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David Noonan
A space odyssey

DAVID NOONAN and SIMON TREVAKS, 99, 2000, installation view showing video projections, wall painting, light, Art Gallery of New South Wales, Sydney, courtesy the artists.
Technology has become so powerful that the earth cannot limitlessly support human activities and desires. The earth is like a spaceship, a physically limited entity. In fact, due to space travel technology, we can now see the earth as an image in limitless space.
Fumio Nanjo, Biennale of Sydney 2000
The notion of spaceship as metaphor for contemporary human malaise is transformed in David Noonan's immersive installations, especially in his recent collaborations with Simon Trevaks. Noonan's fantasies of imagining the future draw with relish on the genre of science fiction, with particular attention to Stanley Kubrick's cinematic aesthetics. Even though 2001: A Space Odyssey was released in 1968, a year before Noonan was born, the visions of an isolated world conceived by Kubrick and Arthur C. Clarke provide a backdrop for Noonan's recent video installations.


Whether through futuristic design or architectural references, Noonan displays an ongoing interest in prototypes. For example, his early monochromatic paintings of modernist buildings signal a preoccupation with failed utopias. The paintings refer to international-style buildings in the tradition of Le Corbusier - individual dwellings and public houses that were taken up and transformed by private developers in the years following the Second World War. Utilitarian public housing projects are represented in sombre tones. Although they heralded architectural optimism, in reality these buildings provided bland and impersonal living conditions.6 Noonan's monochromatic palette and inverted negative images are stylistic devices specifically used to signal a connection with modernist design and architecture.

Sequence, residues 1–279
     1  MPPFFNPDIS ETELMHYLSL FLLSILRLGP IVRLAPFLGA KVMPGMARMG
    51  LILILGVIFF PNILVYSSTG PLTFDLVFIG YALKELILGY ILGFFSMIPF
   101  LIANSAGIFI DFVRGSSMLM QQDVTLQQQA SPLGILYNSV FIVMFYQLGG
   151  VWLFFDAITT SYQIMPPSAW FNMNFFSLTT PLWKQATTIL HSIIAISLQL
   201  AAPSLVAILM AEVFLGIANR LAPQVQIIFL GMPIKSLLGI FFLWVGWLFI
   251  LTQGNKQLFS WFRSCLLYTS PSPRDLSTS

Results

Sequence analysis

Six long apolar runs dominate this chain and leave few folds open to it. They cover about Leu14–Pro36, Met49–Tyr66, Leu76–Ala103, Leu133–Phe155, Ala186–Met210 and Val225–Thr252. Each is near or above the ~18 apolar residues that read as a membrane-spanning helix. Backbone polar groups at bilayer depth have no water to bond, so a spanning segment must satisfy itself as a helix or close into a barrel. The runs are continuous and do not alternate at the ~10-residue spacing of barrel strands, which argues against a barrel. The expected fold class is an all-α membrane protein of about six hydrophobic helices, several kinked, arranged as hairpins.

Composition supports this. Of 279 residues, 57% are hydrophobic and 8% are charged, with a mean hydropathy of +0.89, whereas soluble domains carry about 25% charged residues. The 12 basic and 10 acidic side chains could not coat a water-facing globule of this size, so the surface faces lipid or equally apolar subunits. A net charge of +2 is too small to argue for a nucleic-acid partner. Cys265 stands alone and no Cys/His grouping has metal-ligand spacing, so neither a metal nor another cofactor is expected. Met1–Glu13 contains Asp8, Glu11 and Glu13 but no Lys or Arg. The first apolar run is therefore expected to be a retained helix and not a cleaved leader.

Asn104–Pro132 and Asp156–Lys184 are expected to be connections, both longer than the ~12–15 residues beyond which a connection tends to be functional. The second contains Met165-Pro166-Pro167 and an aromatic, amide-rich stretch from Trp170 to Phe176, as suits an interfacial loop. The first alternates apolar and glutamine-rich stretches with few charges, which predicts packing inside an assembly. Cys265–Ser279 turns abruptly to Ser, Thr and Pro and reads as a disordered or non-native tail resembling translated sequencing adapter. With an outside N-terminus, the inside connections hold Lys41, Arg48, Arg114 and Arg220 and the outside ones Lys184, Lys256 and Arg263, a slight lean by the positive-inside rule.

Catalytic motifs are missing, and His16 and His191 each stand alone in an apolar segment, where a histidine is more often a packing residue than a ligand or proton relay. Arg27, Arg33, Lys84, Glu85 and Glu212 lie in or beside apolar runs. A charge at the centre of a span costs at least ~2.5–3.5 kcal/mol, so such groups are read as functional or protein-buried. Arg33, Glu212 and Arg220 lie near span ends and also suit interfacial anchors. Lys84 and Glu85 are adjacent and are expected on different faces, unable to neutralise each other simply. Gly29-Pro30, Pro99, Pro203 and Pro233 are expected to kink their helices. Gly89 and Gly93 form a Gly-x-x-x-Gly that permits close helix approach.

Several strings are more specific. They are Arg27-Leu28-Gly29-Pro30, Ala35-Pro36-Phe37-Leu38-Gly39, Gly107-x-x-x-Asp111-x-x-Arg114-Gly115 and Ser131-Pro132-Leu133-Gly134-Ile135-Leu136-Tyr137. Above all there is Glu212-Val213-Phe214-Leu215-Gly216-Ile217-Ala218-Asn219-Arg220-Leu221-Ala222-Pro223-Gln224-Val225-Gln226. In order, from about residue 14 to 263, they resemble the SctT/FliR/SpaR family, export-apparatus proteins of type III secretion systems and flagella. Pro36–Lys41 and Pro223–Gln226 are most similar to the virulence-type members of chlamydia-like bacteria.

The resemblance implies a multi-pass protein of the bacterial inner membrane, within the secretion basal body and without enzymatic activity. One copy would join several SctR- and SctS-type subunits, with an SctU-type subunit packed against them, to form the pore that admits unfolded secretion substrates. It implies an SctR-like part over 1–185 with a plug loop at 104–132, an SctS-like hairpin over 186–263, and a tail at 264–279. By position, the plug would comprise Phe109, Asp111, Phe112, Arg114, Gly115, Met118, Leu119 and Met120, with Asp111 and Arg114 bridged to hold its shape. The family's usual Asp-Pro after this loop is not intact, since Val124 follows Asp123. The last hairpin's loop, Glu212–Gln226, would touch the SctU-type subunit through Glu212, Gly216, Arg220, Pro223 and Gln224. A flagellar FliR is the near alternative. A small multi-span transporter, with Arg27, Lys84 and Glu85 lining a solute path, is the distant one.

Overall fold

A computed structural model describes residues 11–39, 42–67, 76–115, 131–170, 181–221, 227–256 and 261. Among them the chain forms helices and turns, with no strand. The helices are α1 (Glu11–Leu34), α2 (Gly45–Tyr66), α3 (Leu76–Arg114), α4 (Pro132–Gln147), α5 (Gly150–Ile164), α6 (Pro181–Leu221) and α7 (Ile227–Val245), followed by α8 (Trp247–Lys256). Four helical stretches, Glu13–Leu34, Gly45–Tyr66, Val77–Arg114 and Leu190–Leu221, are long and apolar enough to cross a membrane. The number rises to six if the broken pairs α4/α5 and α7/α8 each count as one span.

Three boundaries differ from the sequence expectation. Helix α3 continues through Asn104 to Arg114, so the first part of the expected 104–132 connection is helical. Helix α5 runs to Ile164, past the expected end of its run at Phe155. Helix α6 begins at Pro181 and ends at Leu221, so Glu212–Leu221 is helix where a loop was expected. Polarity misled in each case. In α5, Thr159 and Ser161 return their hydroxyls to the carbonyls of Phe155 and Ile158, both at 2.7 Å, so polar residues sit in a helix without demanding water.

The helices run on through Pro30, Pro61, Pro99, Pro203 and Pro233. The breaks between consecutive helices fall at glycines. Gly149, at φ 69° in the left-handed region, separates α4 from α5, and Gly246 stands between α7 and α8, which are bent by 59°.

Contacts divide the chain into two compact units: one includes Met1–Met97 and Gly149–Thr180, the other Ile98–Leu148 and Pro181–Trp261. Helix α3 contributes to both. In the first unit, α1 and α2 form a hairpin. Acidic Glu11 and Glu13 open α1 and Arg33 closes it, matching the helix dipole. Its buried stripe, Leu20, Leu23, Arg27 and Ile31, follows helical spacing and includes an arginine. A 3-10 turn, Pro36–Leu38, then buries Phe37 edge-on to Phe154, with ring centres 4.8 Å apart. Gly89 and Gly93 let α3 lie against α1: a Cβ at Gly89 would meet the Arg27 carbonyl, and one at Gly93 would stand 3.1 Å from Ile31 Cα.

Both Melbourne and Sydney versions of the installation centre on footage of a spaceman (Noonan) trapped in his helmet. Shot at close range, the spaceman stares intensely and somewhat blankly at the viewer. Digital codes are reflected on his helmet. He is pressed into the cockpit, his situation bringing to mind David Bowie's song 'Space Oddity'. Eventually blood spills out of the spaceman's mouth in a grotesque and violent gesture. This catastrophe is ambiguous in tone, its absurd repetition providing a tinge of humour. We are reminded of Dave Bowman floating before a lobotomising HAL in 2001, orbiting aimlessly and with a sense of doom. In this work Noonan rehearses man's vulnerability and fragility with a wry wit, fusing science fiction, technology and the fantastic with seamless ease.
Natalie King
This article appears in excerpted form.
You can read the article in full in the Autumn 2001 issue of Art & Australia.

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